3. Beautiful. And true. Her spirit is “up there” doing everything you said and more.
    But, damn, what a shock to lose her like that. 😦

    Now I am kinda of singing “Diet Mountain Dew in Heaven” to the inevitable first thing that popped into my head “Tears in Heaven”…it’s not quite working.

  4. What a lovely tribute to a dear friend. I’m sorry for your loss, but I’ll bet Lisa is chuckling as she reads this post. And if I ever need an obituary, I’m hiring you to write it. πŸ™‚

    • I’d do it for nothing, and I hope we never have to go there. Lisa was a beaut. They brought in a grief counselor for our team today, and everyone has been eulogizing her on Facebook. I just wrote mine here, using the DorkFone. πŸ™‚

  5. AshleyQ Says:

    This is beautiful, Tom. It is perfectly appropriate. We will miss her so much.

    By the way, props to the DorkFone.

    • tomzone Says:

      Thanks, Basher. It’s the Mark II DorkFone, since I wore out the original.

      We will be sad and miss Lisa for a long time, but she will be one of those whom we keep alive in stories forever.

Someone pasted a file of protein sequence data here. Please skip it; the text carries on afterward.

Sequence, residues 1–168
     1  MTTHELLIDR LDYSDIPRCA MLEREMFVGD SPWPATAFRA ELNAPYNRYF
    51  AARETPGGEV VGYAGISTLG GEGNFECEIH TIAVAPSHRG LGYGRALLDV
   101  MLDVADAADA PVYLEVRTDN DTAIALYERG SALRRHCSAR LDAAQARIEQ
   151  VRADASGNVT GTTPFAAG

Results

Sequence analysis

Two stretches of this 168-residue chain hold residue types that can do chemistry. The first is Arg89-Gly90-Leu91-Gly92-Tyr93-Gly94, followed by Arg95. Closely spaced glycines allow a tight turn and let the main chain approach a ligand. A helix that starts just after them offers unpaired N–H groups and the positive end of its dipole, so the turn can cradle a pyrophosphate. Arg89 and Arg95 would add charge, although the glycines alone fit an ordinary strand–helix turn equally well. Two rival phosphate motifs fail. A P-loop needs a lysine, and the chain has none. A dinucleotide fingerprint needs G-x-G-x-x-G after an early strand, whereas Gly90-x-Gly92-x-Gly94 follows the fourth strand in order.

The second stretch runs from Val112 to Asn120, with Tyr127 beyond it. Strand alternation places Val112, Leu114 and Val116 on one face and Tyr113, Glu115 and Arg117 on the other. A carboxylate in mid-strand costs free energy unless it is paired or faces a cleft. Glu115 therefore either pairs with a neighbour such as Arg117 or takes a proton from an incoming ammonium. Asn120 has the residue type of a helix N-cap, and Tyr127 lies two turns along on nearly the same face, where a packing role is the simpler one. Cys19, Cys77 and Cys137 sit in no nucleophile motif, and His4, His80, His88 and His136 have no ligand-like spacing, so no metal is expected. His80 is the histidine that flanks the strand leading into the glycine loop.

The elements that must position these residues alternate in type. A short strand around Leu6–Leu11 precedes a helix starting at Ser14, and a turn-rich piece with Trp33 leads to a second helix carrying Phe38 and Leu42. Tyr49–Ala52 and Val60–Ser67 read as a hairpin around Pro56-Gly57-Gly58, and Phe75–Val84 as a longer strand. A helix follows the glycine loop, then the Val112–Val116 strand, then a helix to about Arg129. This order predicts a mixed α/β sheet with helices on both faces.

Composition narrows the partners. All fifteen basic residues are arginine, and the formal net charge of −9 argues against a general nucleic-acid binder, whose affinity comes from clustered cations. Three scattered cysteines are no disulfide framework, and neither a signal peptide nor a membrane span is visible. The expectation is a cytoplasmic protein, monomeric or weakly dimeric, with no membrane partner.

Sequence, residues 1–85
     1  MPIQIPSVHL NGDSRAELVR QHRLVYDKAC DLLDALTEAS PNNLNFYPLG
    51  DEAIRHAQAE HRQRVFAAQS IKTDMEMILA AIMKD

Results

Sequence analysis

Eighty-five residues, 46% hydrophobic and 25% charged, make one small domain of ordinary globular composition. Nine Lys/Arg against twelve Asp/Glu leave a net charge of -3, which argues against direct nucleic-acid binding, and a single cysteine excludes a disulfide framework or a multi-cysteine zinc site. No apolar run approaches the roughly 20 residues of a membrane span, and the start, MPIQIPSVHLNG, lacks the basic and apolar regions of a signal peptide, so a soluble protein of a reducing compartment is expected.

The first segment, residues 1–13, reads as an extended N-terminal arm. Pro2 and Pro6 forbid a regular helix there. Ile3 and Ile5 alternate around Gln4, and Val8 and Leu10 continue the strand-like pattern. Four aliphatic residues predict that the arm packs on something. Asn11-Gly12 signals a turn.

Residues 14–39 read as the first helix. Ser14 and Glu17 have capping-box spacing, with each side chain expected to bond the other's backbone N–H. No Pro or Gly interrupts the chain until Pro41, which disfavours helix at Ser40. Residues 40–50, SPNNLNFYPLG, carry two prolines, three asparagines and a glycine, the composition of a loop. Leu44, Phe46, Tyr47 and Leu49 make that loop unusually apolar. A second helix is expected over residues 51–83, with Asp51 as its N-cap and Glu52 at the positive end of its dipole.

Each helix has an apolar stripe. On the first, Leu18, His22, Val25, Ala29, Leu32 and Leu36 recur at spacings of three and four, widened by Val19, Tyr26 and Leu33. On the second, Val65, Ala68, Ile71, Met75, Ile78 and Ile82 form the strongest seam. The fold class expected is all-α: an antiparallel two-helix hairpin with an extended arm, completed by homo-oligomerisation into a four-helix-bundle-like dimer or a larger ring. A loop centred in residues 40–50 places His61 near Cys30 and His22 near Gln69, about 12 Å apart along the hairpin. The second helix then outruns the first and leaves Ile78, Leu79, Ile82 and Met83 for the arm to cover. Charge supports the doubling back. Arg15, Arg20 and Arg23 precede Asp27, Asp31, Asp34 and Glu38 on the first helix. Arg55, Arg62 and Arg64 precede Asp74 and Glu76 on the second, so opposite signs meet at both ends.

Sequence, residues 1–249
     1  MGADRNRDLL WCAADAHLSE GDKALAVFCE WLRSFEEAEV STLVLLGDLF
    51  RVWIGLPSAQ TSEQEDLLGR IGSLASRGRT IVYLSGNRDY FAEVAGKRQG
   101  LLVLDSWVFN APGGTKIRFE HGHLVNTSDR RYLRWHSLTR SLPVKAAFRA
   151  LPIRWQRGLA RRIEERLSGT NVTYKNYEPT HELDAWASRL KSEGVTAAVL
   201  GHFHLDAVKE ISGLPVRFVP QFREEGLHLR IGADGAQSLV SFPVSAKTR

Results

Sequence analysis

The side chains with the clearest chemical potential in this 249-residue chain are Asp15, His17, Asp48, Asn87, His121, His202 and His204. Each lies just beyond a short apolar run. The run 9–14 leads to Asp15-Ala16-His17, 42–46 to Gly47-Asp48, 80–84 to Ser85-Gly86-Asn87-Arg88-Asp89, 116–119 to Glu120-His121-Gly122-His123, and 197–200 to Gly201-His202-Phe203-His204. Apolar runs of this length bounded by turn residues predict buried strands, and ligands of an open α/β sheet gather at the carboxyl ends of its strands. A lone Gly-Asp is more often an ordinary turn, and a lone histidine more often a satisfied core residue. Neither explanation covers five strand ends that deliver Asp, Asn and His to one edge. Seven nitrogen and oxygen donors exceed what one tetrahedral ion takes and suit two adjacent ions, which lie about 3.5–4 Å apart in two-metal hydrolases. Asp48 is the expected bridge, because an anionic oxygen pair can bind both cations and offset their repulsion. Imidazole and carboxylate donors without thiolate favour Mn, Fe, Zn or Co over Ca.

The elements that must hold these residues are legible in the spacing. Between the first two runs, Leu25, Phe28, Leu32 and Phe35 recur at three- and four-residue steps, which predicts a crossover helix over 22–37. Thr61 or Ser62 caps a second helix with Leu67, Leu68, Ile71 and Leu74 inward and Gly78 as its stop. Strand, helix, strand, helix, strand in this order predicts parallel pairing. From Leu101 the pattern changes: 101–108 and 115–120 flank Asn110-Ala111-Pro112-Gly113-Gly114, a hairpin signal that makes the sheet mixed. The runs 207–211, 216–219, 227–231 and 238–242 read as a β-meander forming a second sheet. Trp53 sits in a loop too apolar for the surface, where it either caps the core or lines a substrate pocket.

6. You have captured, in your moving description of a dear friend, the very essence of what Lisa always was, and what she will always remain. There is no one word to describe her. There isn’t a single picture that, with its 1000 words, can convey the person that was Lisa Olson.

    Lisa and I started together in training in January of 2004. She very quickly became the one with the good words of cheer when someone was down. She took everything she did seriously, but not so much that it interfered with her being Lisa.

    Lisa went from the Customer Service side to the .com side, while I went to the Supervisory team. I was not surprised when, after a few months, she was moved to the Supervisory team. Our shifts overlapped, so I did get a chance to see her and say “Hi” most days. That was before I moved to Virginia. For a couple of years I didn’t talk with Lisa. Being in the same department, but separated by the miles, made it impossible. But I never forgot her. I would always tell “Lisa stories” when something happened that made me think of her and the things she would do.